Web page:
Big Four accounting giant and cybersecurity consultancy Deloitte has suffered a data breach that ironically enough may have resulted from the firm's failure to follow its own security advice to clients.
The Guardian on Monday reported that an intrusion at Deloitte between October and November last year exposed emails containing highly sensitive data belonging to an unknown number of large US companies and government organizations.
The intrusion, which Deloitte did not discover until March 2017, apparently stemmed from the company's failure to use two-factor authentication to protect a critical administrator account — something that it advocates as a best practice for clients. Attackers used the account to get privileged and unrestricted access to Deloitte's entire Azure-hosted email system.
During the multiple months that the threat actors managed to remain undetected on Deloitte's network, they potentially had access to some 5 million emails. The attackers also had potential access to usernames, passwords, health information, and highly sensitive data belonging to an unspecified number of Deloitte's clients, The Guardian said.
Deloitte itself has claimed that the actual number of emails and the scope of the data that was affected is only a "fraction" of the number suggested by The Guardian.
In an emailed statement to Dark Reading, Deloitte confirmed the breach and said the attackers had accessed data from the company's email platform. Deloitte's investigation of the incident has enabled it to understand precisely what data was at risk and what the attackers actually accessed.
Only a "very few" clients were affected, the company said. "No disruption has occurred to client businesses, to Deloitte's ability to continue to service clients, or to consumers," the statement noted. Deloitte immediately informed the appropriate government authorities upon breach discovery and contacted each of the clients that were affected, it added.
It's unclear how the threat actor might have obtained access to the administrator account that The Guardian reported as being used for the theft. But the company's apparent failure to properly protect it came in for some criticism Monday from security executives.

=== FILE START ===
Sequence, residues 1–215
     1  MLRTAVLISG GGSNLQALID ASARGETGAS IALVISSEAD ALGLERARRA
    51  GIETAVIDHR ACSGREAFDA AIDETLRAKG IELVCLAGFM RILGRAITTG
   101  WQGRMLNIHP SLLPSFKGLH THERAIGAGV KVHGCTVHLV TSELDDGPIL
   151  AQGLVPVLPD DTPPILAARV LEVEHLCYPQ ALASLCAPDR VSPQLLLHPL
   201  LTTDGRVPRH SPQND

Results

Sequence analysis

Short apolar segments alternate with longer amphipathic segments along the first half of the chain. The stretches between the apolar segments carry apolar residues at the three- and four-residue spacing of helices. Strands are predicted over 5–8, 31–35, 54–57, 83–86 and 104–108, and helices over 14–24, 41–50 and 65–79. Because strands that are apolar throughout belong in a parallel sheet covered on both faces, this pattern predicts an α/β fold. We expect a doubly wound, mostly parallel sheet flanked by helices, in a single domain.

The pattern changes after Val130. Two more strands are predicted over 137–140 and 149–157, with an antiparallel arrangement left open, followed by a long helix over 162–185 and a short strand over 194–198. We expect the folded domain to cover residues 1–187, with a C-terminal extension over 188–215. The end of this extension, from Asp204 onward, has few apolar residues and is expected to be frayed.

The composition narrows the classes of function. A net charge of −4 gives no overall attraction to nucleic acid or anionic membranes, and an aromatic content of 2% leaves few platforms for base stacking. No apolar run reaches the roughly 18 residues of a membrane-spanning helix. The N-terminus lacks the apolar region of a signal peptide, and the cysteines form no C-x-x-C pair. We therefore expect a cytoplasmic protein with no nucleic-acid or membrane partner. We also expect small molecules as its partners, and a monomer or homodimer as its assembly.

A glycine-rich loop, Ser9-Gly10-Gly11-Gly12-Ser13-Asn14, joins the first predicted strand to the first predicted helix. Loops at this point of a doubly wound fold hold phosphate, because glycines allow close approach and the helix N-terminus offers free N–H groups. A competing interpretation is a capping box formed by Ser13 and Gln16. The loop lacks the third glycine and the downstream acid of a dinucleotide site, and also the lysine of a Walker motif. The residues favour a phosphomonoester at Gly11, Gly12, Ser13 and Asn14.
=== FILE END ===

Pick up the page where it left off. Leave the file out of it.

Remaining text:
Several feel that the company, as one of the largest cybersecurity consultancies in the industry, should have known better than to use a single password for the account, especially at a time when credential theft and misuse have become rampant.
"Clearly, they don't exactly practice what they preach," says Gaurav Banga, founder and CEO of Balbix. Based on the details available so far, the attack itself does not appear to be particularly sophisticated, he says. "If there is no two-factor authentication on administrative accounts, and unencrypted emails are floating around, then the adversary does not need to work very hard after an initial breach-head is established."
The apparent fact that Deloitte did not discover the intrusion for several months is not entirely surprising in this context, adds Rich Campagna, CEO of Bitglass.
"Breaches involving credential compromise often take months to identify and remediate," he says. "From an IT perspective, it can be difficult to notice unusual activity from hijacked accounts — it may simply appear that users are going about their jobs normally. At Deloitte's scale, manual review of each somewhat suspicious transaction isn't a feasible option."
The main takeaway from incidents like these is that organizations must mandate two-factor authentication on all external accounts and services, adds Mark Dufresne, director of threat research and adversary prevention at Endgame.
"This is another example of a case in which the actors didn't need exploits or malware to gain access," says Dufresne, "but were simply able to capitalize on employees' poor cyber hygiene."
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